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Before There Was Derek Webb…

Yesterday I wrote a post about poetry and quite a few people followed-up by posting some of their favorite poems. After writing that article I continued to think about poetry and music and their power, especially when combined. A reader asked if I consider songs to be poetry, and I certainly do, except that songs are poetry in a less pure form. What I mean by that is that poetry presents nothing but words – songs introduce music which can be manipulative, for good or for ill. That is certainly not to denigrate music, but simply to indicate that music can be doubly-powerful.

Changing my direction a little bit, this morning I was thinking about songs that address problems within the church (I have no idea why, though it probably has something to do with an article series I am researching and writing at the moment). I thought of Derek Webb who has seemingly taken on the unenviable task of being a critic of much of what passes for Christianity. His three solo albums have been harsh towards the church, chastising her for being far less than God intended her to be. Webb generally avoids hiding behind humor, opting instead to just get straight to the point.

The song for which Webb is most notorious is “Wedding Dress” from his debut album, She Must and Shall Go Free.

if you could love me as a wife
and for my wedding gift, your life
should that be all i’ll ever need
or is there more i’m looking for

and should i read between the lines
and look for blessings in disguise
to make me handsome, rich, and wise
is that really what you want

i am a whore i do confess
but i put you on just like a wedding dress
and i run down the aisle
i’m a prodigal with no way home
but i put you on just like a ring of gold
and i run down the aisle to you

The mere mention of the word “whore” was enough to have this album banned from quite a few Christian bookstores, including one entire chain. “The Church” is another standout tune from the same album:

’cause i haven’t come for only you
but for my people to pursue
you cannot care for me with no regard for her
if you love me you will love the church

i have long pursued her
as a harlot and a whore
but she will feast upon me
she will drink and thirst no more

so when you taste my flesh and my blood
you will know you’re not alone

there is none that can replace her
though there are many who will try
and though some may be her bridesmaids
they can never be my bride

Those are powerful words, either read on their own or set to music.

A couple of days ago, when cycling through the thousands of MP3s on my computer (all of them legal, I assure you) I heard a song that seemed to be as strong an indictment of mainstream Christianity as Webb has voiced, though this one did so through humor. The song is “Smash Hit” which is on the self-titled debut album from All Star United. It is a brilliant, and quite comical, commentary on the way Christians view their task in the world. The songwriter extends this methodology back to Jesus and suggests that if only He had had a market plan and some business cards He could have been much more successful. It goes on to talk about those who exploit His name:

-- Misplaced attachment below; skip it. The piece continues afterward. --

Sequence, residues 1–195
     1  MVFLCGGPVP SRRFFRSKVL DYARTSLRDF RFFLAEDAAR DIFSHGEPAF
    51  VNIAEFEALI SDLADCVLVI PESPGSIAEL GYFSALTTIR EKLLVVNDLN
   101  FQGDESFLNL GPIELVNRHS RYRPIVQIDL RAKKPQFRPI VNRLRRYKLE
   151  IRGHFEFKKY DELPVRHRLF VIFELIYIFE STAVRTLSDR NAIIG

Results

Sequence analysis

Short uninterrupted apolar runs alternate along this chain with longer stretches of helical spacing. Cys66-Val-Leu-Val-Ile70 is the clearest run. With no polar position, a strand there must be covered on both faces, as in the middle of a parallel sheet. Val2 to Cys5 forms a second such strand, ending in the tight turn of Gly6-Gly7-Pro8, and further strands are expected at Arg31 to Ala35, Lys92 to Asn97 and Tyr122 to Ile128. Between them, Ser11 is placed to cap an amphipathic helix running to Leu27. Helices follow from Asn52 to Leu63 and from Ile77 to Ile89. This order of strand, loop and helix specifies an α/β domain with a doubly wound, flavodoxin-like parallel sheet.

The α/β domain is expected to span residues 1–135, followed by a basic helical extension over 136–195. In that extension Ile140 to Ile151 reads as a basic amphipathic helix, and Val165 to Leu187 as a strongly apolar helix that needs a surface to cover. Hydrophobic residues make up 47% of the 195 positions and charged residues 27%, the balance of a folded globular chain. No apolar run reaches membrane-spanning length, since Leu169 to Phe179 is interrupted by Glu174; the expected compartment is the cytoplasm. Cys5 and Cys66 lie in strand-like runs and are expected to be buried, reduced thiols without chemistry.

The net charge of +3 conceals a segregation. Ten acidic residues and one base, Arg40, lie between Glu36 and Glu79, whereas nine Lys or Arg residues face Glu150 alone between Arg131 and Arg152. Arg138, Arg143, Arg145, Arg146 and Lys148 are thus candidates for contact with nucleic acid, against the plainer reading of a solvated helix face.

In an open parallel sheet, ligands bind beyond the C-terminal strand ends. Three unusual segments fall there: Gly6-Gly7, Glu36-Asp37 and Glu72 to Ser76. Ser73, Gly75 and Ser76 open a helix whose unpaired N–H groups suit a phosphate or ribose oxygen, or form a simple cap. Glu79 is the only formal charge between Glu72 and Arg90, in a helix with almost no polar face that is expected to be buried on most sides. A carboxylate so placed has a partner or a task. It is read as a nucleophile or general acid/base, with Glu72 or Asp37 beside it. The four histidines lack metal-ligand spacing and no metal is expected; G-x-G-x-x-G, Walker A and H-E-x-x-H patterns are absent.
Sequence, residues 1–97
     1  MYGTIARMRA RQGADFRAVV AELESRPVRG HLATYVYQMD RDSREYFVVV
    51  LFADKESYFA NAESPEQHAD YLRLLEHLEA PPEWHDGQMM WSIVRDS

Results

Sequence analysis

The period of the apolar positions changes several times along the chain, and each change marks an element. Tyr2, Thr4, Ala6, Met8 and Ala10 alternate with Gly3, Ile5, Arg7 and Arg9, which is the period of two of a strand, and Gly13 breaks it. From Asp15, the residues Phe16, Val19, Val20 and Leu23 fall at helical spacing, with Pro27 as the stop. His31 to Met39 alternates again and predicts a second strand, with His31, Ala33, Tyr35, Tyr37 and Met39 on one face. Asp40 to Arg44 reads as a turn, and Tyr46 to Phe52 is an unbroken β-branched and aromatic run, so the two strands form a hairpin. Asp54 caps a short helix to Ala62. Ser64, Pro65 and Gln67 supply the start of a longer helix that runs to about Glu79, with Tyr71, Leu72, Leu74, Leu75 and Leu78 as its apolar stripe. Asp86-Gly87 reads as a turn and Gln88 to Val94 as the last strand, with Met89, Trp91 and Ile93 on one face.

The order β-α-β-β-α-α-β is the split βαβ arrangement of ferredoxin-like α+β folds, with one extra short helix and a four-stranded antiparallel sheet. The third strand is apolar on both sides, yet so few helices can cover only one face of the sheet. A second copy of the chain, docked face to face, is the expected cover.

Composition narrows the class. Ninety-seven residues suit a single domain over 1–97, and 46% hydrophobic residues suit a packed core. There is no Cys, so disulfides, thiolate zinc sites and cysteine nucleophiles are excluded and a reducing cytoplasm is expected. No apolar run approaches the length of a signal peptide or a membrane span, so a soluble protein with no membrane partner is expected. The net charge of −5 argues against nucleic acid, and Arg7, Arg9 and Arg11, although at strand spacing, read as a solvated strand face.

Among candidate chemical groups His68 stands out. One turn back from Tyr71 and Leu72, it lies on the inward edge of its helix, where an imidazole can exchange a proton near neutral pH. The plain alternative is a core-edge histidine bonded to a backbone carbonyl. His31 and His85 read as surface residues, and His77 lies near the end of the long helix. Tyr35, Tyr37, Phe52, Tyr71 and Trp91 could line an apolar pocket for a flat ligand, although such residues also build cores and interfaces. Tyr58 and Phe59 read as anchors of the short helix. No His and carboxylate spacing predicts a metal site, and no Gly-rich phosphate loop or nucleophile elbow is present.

All he needed was PR
A million box of business cards
Careful image consultation
Securing reputation
A clever market plan
He didn’t understand
That’s all it really takes
He could have played for higher stakes
We’ve gone wrong

This Jesus thing, it’s a smash hit
It’s packaged right
All stocks have split, it’s a smash hit,
It’s gone worldwide

Join His name to any cause
Drop His name to get applause
They never get enough
Nothing here to be ashamed of
Those ever loyal fans
They wanna get their hands
On His newest merchandising
Ignoring overpricing

It has no explanation
It smells like exploitation

Now that is harsh! But there is more. “La La Land” from the same album is almost equally harsh. It covers pragmatism and relativism (“the question isn’t whether it’s true. The question ‘is it working for you?’”), an easy faith (“the saints and martyrs alike…would have called a national strike…if only they’d known their rights”) and superstition (“My Jesus decal”):

The question isn’t whether it’s true
The question “is it working for you?”
Marshmallow skies
And custardy pies
And nothing’s too hard to do

They’re five happy verses or so
They told me all I needed to know
Ignore all the rest
Trials and tests
And threats to my comfort zone
Well I’ve got no time to find out what’s real
I stick with what I happen to feel
It feels grand
When you’re livin’ in a lala land

All the saints and martyrs alike
Well they would have called a national strike
Demanded less pain
More personal gain
If only they’d known their rights
Well I take it very personally
Yeah, I got to know what’s in it for me
Ain’t it grand?
When you’re livin’ in a lala land

My Jesus decal does quite a trick
Right above my dashboard I stick it
A good luck charm
It keeps me from harm
And saves me from speeding tickets

Having gotten this far into this article, I see that I am really not building-up to some great conclusion. But I would be interested in knowing of other songs similar to those I have mentioned. Any takers?

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